By Wade Kwon
The newspaper world was hit with some bombshells this morning, all lobbed by Advance Publications.
Wednesday night, unconfirmed reports popped up suggesting its New Orleans’ paper, the Times-Picayune, would undergo severe cuts and reduce to three times a week publication. This morning, it became a reality, as staffers found out — not from their own supervisors — but from Web and TV reports.
The New Orleans operation will reform under two companies, one handling digital operations and one handling print operations. The paper will run Wednesdays, Fridays and Sundays starting in the fall, instead of seven days a week.
This morning, staff members at the Birmingham News found out from publisher Pam Siddall in a hastily called staff meeting that they too would roll out the same plan for all Alabama Advance papers, including the Huntsville Times and (Mobile) Press-Register.
Wednesday marked the rollout of a new front page design for al.com, which had previously been debuted at Advance sites mlive.com and nola.com. The new look was met with much criticism from the readers.
See Twitter reaction from Birmingham News staffers
Siddall will head up one new company, Advance Central Services Alabama, handling production, distribution, technology, finance and human resources for all three papers in Birmingham. That means the Times will be printed in Birmingham starting at a date to be determined in the fall and the Press-Register will continue to be printed in Mobile.
All three papers will run on Wednesdays, Fridays and Sundays, with special editions (such as Thanksgiving) as needed. Sunday papers will remain $2, and Wednesday and Friday papers will remain $1. Subscribers will also be given access to the e-edition.
News operations will be handled in “hubs” across the state.
Cindy Martin, president of al.com, will be the head of Alabama Media Group, over all three newspapers and al.com. It is to be a “digitally focused media company.”
Martin said in the press report that the change in organizational structures across all departments will lead to a reduction in the overall size of the workforce, with details still to be worked out.
Advance owns the Birmingham News and Birmingham-based al.com, as well as the weekly Birmingham Business Journal. Its Ann Arbor (Mich.) News ended its print run in 2009 after 174 years, switching to an all-online model at annarbor.com with reduced staffing and a twice-weekly print edition.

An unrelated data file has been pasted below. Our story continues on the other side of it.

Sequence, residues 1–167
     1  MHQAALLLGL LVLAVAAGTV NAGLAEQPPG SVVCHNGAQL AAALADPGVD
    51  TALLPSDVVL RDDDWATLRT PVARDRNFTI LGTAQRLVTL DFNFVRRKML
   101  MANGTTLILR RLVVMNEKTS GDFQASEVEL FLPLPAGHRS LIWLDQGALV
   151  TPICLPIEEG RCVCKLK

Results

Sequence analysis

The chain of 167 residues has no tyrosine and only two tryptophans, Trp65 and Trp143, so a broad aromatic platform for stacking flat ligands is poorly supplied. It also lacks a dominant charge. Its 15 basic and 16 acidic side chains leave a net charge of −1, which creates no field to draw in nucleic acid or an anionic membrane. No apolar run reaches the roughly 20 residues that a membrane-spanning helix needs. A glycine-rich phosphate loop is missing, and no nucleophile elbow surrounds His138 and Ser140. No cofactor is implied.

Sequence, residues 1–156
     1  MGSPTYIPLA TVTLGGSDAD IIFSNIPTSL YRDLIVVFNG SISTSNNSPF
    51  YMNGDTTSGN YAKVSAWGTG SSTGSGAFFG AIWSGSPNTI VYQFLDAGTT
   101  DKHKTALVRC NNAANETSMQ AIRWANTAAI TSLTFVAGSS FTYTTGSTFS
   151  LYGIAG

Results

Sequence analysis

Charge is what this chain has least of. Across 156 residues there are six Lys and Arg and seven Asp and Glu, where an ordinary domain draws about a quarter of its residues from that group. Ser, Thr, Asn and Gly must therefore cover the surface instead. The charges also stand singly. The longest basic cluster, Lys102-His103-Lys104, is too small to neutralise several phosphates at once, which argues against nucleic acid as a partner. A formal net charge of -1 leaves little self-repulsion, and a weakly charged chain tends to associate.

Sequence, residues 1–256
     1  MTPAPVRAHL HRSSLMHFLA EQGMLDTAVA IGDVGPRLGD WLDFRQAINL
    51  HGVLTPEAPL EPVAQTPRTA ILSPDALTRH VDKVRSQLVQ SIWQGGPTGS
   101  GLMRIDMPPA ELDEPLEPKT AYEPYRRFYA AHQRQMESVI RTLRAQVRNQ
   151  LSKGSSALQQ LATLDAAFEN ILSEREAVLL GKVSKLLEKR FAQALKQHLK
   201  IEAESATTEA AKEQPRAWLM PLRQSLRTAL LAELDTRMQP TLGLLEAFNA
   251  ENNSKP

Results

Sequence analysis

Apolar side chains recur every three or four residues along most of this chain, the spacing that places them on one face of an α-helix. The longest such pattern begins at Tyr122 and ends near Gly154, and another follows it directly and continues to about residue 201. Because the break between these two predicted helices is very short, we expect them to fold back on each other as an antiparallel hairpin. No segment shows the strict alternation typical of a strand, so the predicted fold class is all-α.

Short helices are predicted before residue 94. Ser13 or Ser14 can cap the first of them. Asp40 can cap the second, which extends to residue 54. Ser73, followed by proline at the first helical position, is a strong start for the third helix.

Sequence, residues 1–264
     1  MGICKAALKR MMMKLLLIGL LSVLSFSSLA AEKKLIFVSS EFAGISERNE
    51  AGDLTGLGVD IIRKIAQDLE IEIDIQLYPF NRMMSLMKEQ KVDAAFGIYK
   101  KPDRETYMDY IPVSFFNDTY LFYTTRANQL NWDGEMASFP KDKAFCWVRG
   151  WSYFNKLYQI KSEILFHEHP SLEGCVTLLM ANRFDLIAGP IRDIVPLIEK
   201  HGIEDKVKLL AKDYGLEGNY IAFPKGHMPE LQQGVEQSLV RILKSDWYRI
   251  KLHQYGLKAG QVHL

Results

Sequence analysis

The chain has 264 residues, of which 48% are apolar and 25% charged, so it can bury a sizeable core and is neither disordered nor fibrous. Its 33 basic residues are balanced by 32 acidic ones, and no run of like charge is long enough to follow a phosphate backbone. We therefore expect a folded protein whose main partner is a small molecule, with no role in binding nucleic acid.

Forbes blogger Micheline Maynard predicted that New Orleans would see similar results as Ann Arbor did:
“No offense to its staff, but AnnArbor.com, online at least, is a constantly updated blog, which gives equal play to impaled cyclists and rabid skunks as it does to politics and crime. The printed edition is newspaper-like, but with a different style and less gravitas than its predecessor.”
News industry analyst Ken Doctor is calling the transformation a “forced march to digital.”
Also, it was announced that the News’ 37-year veteran Tom Scarritt, editor since 1997, would retire in the fall. He became the newspaper’s vice president in 2001.
Andrew Beaujon at journalism institute Poynter reports that the News’ Sunday circulation jumped significantly between March 2011 and March 2012, while the rest of the week fell:
“The Birmingham News’ average Sunday circulation increased from 153,023 to 173,187, a 13 percent increase mostly attributable to the inclusion of ’YES! Your Essential Shopper,’ a home-delivered collection of flyers. Its average daily circulation declined 7.5 percent, from 112,209 to 103,729.
“The Press-Register’s Sunday circulation was basically flat, going from 103,300 to 103,373 and its daily circ dropped from 87,518 to 82,088; both figures rolled in distribution of The (Pascagoula) Mississippi Press.
“Average Sunday circulation rose 1 percent at The Huntsville Times, to 68,092 from 67,286, and daily fell 5.5 percent, from 47,366 to 44,725.”
The Birmingham News, the state’s largest newspaper, won a Pulitzer Prize in 2007 for reporter Brett J. Blackledge’s investigation into corruption in the state’s 2-year college system. Wednesday, it was a finalist for several Green Eyeshade Awards, including its extensive coverage of the April 27, 2011, tornadoes and its 2011 series on “Reinventing Our Community.”
Some Birmingham News staff members are still in shock over the surprise morning bombshell announcement. Siddall said to them at the meeting, “At the end of the day, each employee has to decide if they believe in the new direction.”
See how the Birmingham News is implementing the new plan.
More stories on the Birmingham News
More stories on Advance Publications
Wade Kwon is a co-founder of Media of Birmingham and a Birmingham journalist for 25 years.